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How to Find Great Businesses, the Peter Lynch Way

One of the first books I ask new investors to read is Peter Lynch’s One Up on Wall Street.

The easy-going and simplistic stock-picking style discussed in this book brought Lynch great success in his profession as a fund manager at the US mutual fund company, Fidelity, where he generated an average annual return of 29% during 1977 to 1990.

Lynch wasn’t just a great investor, he had a wonderful way of getting across the secrets of his success in everyday language, exemplified by this warning of the perils of putting money into businesses that you don’t understand.

Another of his catchphrases was to “invest in what you know” and he believed everyone could use this advice to spot successful companies.

In fact, he got many of his best ideas at home or when wandering around shopping malls, rather than by poring over company accounts.

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10 Investing Gems from Peter Lynch’s One Up on Wall Street

This article was originally published in June 2012. I was re-reading Lynch’s book and thought of re-publishing these amazing lessons again.

Apart from Benjamin Graham’s The Intelligent Investor, there is no better book to get started for beginners than Peter Lynch’s One Up On Wall Street.

The easy-going and simplistic stock picking style discussed in this book brought Lynch great success in his profession as a fund manager at the US mutual fund company, Fidelity.

The best part about this book is that it’s low on number crunching but high on anecdotal stories. Moreover, readers are given a clear picture on how to get off to a good start in the stock market.

One Up On Wall Street offers insight into the mind of one of the greatest money managers of all times.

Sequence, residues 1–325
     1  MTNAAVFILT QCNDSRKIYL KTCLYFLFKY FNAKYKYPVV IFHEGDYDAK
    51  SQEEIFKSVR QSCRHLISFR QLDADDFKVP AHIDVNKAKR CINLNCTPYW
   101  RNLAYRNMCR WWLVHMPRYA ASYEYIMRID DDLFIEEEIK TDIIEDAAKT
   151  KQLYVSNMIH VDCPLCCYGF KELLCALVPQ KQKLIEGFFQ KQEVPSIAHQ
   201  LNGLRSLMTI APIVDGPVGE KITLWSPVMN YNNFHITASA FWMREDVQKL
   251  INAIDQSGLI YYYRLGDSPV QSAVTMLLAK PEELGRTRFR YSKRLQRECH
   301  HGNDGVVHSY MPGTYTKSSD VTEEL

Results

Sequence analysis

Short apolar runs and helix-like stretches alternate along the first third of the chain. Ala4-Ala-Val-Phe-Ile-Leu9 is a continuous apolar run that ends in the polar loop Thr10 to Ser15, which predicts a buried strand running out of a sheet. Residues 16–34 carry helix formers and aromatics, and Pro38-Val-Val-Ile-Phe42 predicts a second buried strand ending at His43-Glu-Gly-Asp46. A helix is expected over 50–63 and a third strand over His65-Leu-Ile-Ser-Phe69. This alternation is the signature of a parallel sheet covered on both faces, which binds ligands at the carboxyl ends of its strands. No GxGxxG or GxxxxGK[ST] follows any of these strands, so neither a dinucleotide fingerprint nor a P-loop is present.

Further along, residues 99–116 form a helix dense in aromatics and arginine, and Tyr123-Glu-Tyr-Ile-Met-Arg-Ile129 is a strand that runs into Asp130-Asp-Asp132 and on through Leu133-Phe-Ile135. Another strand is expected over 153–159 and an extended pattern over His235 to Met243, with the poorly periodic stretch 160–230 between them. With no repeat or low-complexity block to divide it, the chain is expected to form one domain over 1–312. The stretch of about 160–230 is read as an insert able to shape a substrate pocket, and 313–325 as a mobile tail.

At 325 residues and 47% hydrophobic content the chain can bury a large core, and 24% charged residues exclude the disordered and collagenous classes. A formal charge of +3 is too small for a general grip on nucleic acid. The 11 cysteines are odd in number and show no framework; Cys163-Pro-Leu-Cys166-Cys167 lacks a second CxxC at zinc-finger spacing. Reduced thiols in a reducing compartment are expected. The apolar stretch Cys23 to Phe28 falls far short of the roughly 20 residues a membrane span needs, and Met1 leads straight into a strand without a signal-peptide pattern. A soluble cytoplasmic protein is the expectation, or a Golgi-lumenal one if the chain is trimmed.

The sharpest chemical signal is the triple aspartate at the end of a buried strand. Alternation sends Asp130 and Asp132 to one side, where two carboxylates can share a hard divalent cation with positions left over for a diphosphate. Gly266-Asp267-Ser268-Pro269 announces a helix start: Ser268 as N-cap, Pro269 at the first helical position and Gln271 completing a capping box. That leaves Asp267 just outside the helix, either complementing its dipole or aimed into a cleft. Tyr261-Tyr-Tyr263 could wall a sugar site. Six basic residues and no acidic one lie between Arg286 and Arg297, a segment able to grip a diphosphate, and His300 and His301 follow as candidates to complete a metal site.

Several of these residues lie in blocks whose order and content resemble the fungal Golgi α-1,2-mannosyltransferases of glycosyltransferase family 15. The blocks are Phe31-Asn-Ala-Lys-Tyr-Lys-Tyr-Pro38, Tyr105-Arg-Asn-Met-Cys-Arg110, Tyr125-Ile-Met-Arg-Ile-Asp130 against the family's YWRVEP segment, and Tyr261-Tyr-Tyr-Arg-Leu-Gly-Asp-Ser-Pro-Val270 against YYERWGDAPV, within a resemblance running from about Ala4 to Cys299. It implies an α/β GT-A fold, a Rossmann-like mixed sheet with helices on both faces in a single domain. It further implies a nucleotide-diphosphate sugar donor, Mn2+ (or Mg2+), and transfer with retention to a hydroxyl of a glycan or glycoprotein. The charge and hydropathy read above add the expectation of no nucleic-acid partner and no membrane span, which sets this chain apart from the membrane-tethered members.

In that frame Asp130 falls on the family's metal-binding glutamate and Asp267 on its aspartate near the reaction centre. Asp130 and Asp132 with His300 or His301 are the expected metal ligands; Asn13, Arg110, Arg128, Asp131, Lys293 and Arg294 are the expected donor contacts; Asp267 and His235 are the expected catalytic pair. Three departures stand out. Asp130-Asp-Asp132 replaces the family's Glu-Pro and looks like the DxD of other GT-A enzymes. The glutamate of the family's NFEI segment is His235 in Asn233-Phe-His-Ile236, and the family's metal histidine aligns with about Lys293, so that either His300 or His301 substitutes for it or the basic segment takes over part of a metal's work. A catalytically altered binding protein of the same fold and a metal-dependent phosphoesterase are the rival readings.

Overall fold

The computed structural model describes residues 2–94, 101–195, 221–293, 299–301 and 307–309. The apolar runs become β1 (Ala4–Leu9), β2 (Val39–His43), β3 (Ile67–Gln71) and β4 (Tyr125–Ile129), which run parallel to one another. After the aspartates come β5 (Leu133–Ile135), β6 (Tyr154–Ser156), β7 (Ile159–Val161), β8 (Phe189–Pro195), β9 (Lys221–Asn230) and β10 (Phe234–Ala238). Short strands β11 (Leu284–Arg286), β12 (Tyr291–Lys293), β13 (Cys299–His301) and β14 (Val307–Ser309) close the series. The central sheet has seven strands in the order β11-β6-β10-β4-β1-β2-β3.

Lynch helps you discover that he is a normal guy (like you and me) who thinks rationally, believes in doing his own independent research on companies, asks plenty of questions, and gets caught off guard by the market at times, just like anyone else.

Anyone thinking about buying individual stocks must read this book before they ever make their first stock purchase.

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The Cocktail Party Stock Market Indicator

Apart from Graham’s The Intelligent Investor, there is no better book to get started for beginners in the stock market than Peter Lynch’s One Up On Wall Street.

The real beauty of this book is the easy-going review of the simplistic stock picking style that brought Lynch so much success in his profession as a fund manager at the US mutual fund company, Fidelity.

This book is low on number crunching but high on anecdotal stories. Moreover, readers are given a clear picture on how to get off to a good start in the markets.

Using humour, Lynch helps you discover that he is a normal guy who thinks rationally, believes in doing his own independent research on companies, asks plenty of questions, and gets caught off guard by the market at times, just like anyone else.

Anyone thinking about buying individual stocks must read this book before they ever make their first stock purchase.

Anyways, as I was re-reading the book, here is something I came across that can be termed Peter Lynch’s Cocktail Party Stock Market Indicator.

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The Secret of Peter Lynch’s Investing Success

If there is one legendary investor who not just beat the market but destroyed it, it is Peter Lynch.

Lynch ran Fidelity’s Magellan Fund in the US for 13 years, from 1977 to 1990. During this period, he beat the US stock market index S&P 500 in 11 years. His average annual return during this period stood at a mind-boggling 29%.

It means that every US$ 1 invested in his fund in 1977 grew to more than US$ 27 by 1990.

Fortunately for us, Lynch has laid down his secrets in two great books that every investor must own and read several times – One Up on Wall Street, and Beating the Street.

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